I bet most of you haven’t considered how you wire up a bench power supply – you just set the voltage and current limit and off you go.

Some supplies have voltage sense inputs which are usually tied to the output terminals with a metal shorting link. When not using the voltage sense you should connect the load to the sense terminals and not the output terminals. The reason is that if the shorting link on the terminals isn’t tight the output voltage can rise. Internally in the PSU the sense and output terminals are often linked with diodes to prevent the voltage rising beyond 0.6v per terminal, so if both links are loose the output could be 1.2v too high which might be enough to damage the unit under test.

I would recommend that you always connect the load to the sense terminals as these are the reference points for the PSU. So if you set 1.5v output voltage, and the PSU is running within its limits, it will provide 1.5v across the sense terminals even if the links are loose.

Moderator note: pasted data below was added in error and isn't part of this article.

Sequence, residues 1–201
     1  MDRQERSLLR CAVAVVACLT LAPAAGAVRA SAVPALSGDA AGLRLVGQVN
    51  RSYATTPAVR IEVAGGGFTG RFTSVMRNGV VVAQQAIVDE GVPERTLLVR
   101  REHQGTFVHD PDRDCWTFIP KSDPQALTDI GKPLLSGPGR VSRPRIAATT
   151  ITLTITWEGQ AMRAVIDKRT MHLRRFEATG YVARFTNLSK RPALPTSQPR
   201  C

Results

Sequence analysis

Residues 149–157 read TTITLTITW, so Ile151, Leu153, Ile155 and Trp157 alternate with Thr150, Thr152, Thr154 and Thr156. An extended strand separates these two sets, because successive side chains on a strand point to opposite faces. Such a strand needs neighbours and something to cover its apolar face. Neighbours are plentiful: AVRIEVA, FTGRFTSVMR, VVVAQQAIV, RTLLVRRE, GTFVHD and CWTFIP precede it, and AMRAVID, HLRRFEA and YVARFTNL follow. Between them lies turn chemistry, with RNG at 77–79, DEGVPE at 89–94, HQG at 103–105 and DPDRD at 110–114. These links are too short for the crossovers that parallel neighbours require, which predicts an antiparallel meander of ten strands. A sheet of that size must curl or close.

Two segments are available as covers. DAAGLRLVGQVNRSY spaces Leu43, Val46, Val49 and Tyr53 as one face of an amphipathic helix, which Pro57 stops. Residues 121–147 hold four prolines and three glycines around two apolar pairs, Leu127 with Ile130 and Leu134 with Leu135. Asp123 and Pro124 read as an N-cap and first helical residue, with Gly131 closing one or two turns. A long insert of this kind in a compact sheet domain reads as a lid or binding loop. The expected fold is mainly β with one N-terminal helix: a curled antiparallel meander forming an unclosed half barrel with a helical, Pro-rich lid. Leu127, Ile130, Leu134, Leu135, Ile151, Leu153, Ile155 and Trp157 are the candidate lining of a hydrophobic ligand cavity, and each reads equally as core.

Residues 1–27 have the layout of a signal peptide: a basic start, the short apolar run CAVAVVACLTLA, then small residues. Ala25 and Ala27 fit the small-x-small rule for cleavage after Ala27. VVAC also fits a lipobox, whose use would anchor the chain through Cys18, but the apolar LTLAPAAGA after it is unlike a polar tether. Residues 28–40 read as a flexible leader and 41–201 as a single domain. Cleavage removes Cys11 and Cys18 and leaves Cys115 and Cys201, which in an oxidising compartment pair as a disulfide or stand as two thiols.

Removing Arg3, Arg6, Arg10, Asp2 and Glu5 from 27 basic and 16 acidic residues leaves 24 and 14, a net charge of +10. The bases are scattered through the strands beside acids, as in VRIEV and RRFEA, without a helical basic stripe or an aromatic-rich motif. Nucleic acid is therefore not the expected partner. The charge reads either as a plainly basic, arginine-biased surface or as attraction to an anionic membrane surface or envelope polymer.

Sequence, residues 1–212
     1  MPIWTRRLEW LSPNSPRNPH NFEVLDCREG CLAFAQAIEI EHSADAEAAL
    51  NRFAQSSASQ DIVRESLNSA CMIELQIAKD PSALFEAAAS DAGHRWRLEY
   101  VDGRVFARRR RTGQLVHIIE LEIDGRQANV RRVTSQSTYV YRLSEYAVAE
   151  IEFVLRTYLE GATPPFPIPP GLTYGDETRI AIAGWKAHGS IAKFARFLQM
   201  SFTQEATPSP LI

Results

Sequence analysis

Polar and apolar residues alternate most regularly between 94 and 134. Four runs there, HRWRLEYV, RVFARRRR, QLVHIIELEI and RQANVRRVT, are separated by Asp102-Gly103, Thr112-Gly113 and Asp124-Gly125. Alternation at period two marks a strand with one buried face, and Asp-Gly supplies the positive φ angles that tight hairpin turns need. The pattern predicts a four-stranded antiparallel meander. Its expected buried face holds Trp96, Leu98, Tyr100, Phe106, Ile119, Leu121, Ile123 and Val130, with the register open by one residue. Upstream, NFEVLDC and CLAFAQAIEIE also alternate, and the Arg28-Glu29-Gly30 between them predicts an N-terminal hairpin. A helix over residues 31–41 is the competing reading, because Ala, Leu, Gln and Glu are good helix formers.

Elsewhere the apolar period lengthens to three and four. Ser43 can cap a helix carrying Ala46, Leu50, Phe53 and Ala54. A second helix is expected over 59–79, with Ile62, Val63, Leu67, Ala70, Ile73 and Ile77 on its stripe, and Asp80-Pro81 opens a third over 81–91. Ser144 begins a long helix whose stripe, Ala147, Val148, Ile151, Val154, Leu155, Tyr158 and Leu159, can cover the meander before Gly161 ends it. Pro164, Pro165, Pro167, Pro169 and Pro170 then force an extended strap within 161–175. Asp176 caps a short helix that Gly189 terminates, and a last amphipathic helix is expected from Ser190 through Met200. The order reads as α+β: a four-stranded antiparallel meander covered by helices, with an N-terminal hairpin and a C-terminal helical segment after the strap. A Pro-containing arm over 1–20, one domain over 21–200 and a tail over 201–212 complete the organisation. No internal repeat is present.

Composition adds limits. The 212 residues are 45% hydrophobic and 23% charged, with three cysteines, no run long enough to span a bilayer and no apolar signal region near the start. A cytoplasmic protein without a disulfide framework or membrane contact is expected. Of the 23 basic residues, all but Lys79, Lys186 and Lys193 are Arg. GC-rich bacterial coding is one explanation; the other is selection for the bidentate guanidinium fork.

Also while I’m talking about PSUs –  if you have a multi output PSU, try and run a separate ground wiring to your board for each rail. Don’t be tempted to just link all the grounds at the PSU as the voltage drop across the ground cable can be considerable and can upset the other rails.